Veterans and athletes: What it means to represent Army and Navy in pro sports

Navy's Keenan Reynolds accepts the Most Valuable Player trophy for Navy's 44-28 victory over Pittsburgh in the 2015 Military Bowl at Navy-Marine Corps Stadium in Annapolis, Md., Dec. 28, 2015.


By AVA WALLACE | The Washington Post | Published: December 7, 2018

The club of service academy graduates who have gone on to play professional sports is an exclusive one. Despite all three institutions' emphasis on athletics, post-graduation military requirements have generally kept students at the U.S. Military Academy, U.S. Naval Academy and U.S. Air Force Academy out of the pros. Only 77 service academy graduates have played professional football, according to Pro-Football-Reference.com — 62 between Army and Navy. According to Basketball-Reference.com, just three service academy graduates have made it to the NBA.

But the handful of graduates who have had success as professional athletes have made a lasting impact. Before the 119th Army-Navy football game on Saturday in Philadelphia, some of the most visible alumni from West Point and Annapolis reflected on what it means to represent the service academies in professional sports.

Roger Staubach, the Heisman Trophy-winning quarterback from Navy who graduated in the midst of the Vietnam War, has complex feelings about finding fame in football when many of his teammates dedicated their careers to the military.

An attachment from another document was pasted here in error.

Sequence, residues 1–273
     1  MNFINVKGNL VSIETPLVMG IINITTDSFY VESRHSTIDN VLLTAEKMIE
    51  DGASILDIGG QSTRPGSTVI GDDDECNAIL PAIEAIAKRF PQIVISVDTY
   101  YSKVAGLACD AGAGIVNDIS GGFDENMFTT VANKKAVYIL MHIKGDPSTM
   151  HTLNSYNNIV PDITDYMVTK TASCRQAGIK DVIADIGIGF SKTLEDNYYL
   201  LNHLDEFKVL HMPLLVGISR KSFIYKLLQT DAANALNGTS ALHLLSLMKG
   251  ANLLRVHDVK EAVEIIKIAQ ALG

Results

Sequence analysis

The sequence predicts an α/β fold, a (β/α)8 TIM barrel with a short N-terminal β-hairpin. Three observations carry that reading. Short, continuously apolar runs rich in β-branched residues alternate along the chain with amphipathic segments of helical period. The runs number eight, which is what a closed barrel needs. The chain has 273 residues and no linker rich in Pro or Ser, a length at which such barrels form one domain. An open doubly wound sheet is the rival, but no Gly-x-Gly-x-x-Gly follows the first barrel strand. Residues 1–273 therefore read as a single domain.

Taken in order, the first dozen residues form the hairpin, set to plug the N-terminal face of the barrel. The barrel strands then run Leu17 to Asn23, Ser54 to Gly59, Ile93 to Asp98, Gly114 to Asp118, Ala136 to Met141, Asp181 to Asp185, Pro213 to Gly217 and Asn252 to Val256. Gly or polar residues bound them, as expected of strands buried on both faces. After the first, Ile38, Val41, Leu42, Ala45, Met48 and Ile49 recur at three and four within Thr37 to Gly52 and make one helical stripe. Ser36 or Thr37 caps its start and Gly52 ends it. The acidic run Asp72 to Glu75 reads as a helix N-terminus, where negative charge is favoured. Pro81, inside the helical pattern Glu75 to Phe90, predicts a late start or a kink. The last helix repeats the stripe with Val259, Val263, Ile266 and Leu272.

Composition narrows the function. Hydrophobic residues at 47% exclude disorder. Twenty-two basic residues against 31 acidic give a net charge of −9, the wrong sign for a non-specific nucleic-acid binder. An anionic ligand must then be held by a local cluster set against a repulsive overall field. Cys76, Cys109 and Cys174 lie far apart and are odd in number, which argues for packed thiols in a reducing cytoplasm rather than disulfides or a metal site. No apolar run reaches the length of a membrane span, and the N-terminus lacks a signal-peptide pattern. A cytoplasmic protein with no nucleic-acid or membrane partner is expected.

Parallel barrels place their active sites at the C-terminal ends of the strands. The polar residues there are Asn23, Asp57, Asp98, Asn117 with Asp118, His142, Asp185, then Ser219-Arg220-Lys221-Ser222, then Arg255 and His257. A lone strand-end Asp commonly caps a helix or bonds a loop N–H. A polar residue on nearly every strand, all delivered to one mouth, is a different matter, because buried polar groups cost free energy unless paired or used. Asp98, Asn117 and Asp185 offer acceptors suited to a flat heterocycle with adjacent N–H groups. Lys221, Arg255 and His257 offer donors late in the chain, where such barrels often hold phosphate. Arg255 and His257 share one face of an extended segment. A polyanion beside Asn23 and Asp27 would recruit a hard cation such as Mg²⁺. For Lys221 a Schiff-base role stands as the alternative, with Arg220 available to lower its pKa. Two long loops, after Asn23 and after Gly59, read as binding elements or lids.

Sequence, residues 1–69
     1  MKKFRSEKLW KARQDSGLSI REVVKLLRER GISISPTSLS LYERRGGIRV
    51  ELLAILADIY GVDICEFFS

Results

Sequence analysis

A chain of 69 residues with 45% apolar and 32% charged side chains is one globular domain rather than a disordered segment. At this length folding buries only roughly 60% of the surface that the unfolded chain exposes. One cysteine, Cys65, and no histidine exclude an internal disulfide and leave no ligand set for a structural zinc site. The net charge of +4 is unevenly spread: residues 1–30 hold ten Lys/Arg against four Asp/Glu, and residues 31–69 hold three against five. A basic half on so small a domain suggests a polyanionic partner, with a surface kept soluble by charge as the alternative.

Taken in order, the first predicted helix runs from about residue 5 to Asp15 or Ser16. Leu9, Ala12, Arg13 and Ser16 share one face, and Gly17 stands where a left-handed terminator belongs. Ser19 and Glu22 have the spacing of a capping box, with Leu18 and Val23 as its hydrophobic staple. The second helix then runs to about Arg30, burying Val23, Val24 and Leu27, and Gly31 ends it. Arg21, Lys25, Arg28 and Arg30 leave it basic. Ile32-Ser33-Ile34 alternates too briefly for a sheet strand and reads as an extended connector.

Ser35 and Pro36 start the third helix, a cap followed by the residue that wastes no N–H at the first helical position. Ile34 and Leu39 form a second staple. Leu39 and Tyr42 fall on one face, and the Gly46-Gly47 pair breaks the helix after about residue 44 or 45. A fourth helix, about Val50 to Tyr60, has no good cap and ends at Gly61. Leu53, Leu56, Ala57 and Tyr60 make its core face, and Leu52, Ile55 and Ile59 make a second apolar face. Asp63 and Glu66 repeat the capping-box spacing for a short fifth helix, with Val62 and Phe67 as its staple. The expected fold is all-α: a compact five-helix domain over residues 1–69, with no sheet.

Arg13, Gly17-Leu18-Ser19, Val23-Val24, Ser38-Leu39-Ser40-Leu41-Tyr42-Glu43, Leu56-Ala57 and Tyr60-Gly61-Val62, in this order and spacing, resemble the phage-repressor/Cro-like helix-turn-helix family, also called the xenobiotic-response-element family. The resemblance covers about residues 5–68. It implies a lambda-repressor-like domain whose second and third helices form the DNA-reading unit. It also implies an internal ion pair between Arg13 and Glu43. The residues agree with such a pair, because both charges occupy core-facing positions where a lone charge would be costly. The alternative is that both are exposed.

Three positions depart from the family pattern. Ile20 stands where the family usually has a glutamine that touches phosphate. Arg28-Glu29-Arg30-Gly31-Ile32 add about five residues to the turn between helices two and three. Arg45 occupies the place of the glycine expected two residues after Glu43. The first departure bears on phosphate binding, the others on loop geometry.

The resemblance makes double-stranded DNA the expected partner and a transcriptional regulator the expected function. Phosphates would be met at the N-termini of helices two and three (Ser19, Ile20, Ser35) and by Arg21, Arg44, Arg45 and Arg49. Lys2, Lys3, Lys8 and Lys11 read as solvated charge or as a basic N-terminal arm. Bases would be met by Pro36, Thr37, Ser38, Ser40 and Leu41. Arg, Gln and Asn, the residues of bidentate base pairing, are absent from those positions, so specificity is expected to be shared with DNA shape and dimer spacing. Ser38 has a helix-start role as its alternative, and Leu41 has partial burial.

The Pittsburgh Steelers' Alejandro Villanueva wrestles with the weight of representing veterans as an athlete with a platform who also served three tours in Afghanistan.

Joe Cardona and Keenan Reynolds, two recent graduates of Navy playing in the NFL, are still learning how to bridge their civilian and military identifies while their friends and classmates start lives as junior officers.

And David Robinson, the man dubbed "the Admiral" during his days with the San Antonio Spurs who, as a longtime service academy poster-boy, learned long ago that there are few things as good as sports to drum up goodwill for the military.

Roger Staubach hadn't heard from his old friend and teammate Tommy Holden in quite some time by the day they finally managed to connect over walkie-talkie in October 1966, during the height of the fall monsoon season in Vietnam. The pair decided they would try to meet for lunch in Danang sometime in the coming weeks, the star quarterback and the guard who protected him on the field both eager to catch up and reminisce.

Staubach had limited choices for his service assignment after he graduated in Annapolis in 1965 because of partial colorblindness, but he could be a logistics supply officer, and he volunteered to serve in Vietnam.

Holden, who had graduated a year earlier, was a first lieutenant in the Marine Corps. The pair never had their reunion; Holden was shot and killed two weeks after they made lunch plans.


"Number 67, our teammate," Staubach, said in a phone conversation in October, a few days before the legendary 1963 team he led was honored at a Navy home game.

The decorated Navy quarterback, who went on to win two Super Bowls with the Dallas Cowboys, brought up Holden to emphasize that even though he volunteered to serve in Vietnam, he wasn't "in the thick of it."